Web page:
Security

Continuity Plan

Security Statement

Privacy Statement


Continuity Plan

We have developed the following Business Continuity Plan to respond to business interruptions and explain how we will recover operations. CAN is committed to serving our clients and responding quickly to business interruptions.


All employees receive training on CAN’s Business Continuity Plan. Training is conducted during new employee orientation and quarterly security training. Additional training is provided as necessary.

Our goal is that all employees understand how CAN will respond to and recover from disaster or interruption. We expect all department heads to be capable of leading a recovery. During an interruption, recovery activities will be lead by the highest-ranking officer available.

CAN’s Continuity plan is designed to be easy to remember, follow, and implement. It covers:

  1. What resources can be interrupted and need to be restored,[MG1]
  2. Possible threats to business continuity
  3. How to triage interruptions using CAN’s Priority Ratings
  4. Plans for responding and recovering from interruptions

These 4 variables are used to prepare, prevent, and respond to possible business interruptions.

CAN’s Resources

CAN’s Primary Resources are sorted by importance.  Importance is determined by their possible impact to CAN’s clients.

  1. People
  2. Critical Records and Data
  3. Technology
  4. Equipment/Hardware/Furniture
  5. Facilities
  6. Transportation
  7. Vendors/Partners

We work to make decisions that protect our primary resources and make sure that secondary resources are available when needed. This includes, but is not limited to, maintaining redundancies in our data center, keeping backups of our files in offsite locations, and maintaining relationships with possible employees.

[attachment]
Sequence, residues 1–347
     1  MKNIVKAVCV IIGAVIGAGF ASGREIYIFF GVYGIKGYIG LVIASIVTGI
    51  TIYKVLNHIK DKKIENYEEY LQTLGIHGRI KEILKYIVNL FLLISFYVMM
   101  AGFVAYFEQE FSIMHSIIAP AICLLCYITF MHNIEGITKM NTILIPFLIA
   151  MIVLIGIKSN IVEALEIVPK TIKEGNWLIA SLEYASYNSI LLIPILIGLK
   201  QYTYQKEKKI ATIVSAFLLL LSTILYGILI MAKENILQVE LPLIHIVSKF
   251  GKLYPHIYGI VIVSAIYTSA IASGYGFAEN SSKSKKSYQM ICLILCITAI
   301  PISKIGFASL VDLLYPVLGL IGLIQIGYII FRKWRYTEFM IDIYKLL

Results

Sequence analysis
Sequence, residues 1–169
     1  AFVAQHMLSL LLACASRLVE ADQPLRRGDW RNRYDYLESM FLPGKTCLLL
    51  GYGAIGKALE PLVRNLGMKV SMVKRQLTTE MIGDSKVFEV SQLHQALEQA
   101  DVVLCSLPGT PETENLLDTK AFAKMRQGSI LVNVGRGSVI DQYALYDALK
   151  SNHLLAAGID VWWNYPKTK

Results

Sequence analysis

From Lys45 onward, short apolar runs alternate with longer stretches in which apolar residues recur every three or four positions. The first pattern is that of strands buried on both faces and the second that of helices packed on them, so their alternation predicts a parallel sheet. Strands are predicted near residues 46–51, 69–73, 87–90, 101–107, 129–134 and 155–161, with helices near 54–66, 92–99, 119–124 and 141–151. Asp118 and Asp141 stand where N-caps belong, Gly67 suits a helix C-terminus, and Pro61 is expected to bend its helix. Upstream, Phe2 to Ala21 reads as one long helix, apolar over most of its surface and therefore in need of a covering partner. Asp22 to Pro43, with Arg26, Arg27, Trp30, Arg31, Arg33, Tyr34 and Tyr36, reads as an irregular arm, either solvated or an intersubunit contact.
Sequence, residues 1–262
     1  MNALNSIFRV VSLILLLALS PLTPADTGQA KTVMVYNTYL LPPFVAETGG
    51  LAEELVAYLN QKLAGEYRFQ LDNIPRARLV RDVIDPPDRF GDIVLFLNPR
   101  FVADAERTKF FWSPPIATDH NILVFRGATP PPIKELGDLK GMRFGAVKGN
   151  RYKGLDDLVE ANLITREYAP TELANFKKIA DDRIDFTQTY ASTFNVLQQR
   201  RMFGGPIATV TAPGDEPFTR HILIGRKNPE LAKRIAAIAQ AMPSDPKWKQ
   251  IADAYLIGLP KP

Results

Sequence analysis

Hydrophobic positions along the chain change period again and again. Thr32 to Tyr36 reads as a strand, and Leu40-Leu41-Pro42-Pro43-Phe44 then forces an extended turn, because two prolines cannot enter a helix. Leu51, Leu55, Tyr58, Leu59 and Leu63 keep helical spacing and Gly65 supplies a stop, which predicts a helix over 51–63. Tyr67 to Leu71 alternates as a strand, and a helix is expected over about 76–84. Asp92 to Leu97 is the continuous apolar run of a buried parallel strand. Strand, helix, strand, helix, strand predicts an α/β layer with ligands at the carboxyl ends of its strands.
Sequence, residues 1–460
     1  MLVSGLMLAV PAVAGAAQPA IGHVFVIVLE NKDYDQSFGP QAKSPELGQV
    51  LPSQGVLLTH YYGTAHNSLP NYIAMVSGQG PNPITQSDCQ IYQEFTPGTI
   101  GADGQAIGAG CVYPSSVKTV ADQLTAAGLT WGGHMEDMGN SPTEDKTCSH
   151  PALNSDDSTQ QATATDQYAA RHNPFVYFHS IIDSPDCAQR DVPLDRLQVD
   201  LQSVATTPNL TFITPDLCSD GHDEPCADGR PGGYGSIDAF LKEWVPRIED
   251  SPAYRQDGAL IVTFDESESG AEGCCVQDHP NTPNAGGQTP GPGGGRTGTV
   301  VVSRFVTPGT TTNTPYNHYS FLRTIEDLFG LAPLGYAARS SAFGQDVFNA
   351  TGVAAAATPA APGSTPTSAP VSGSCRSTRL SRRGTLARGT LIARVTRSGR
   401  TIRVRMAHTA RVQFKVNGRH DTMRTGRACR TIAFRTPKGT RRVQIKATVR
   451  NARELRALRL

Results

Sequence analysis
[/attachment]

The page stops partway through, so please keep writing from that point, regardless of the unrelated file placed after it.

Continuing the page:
Possible Threats to Business Continuity

Possible and realistic threats to CAN’s business continuity include, but are not limited to: power loss, data breach, data corruption, riot, looting, robbery, shootings, loss of building services, flood, blizzard, loss of key executives, and/or health epidemic. During training we discuss how to prevent these threats and discuss scenarios based on possible events.

Triaging Interruptions

We use the following standards to triage interruptions. CAN uses the same standards to prioritize response to emergencies, privacy breaches, security vulnerabilities, and business interruptions. Standards ensure consistent and predictable responses, and help coordinate responses to multiple types and combinations of issues.

  • Critical: Impact or possible impact to many clients
  • High: Impact or possible impact to a small number of clients
  • Moderate: No impact to clients, but possible impact if combined with another breach, vulnerability, loss, or disaster.
  • Low: Possible hindrance to CAN’s operations, but no immediate impact to CAN’s clients or their data.
  • Other: These are issues that CAN’s is having difficulty verifying or reproducing. Once CAN has been able to verify the issue it will be prioritized or dismissed.

Responding and Recovering from Interruptions

CAN responds to interruptions using a 4-step plan that is outlined below. Due to the complex nature of business interruptions the exact responses are left to the judgment of the available team.

 

  1. Communication: Once the situation has been triaged CAN will notify impacted parties immediately. All other stakeholders that have not been impacted will be notified once the situation has been remedied. This follows CAN’s “Responsible Disclosure” protocol and is designed to limit exposure and focus resources on recovery. Possible stakeholders include employees, families of employees, shareholders, customers, partners, governments, non-customers, and the press.
  2. Teams, Responsibilities and Tasks: Once the impacted stakeholders have been notified, the Recovery Leader will create recovery teams and assign people, tasks, resources, responsibilities, and timelines. The first response will be to secure resources from highest priority to lowest priority.
  3. Assessments: Once the situation has been stabilized, CAN’s recovery teams will evaluate the damages, check systems, assure the access rights are appropriate, and determine if any data is missing or has been corrupted.
  4. Recovery and Progress: During the recovery the Leader will monitor the progress of the Recovery Teams based on their ability to execute their tasks. The Recovery Leader will communicate progress with stakeholders, and make announcements when the situation has been stabilized, primary resources have been restored, and secondary resources have been replenished. The Recovery is complete once primary resources are restored and secondary resources have been replenished.

Our Business Continuity Plan is built on a model with 4 variables. In combination, these 4 variables allow us to respond quickly to business interruptions, recover operations, and prepare for possible threat.


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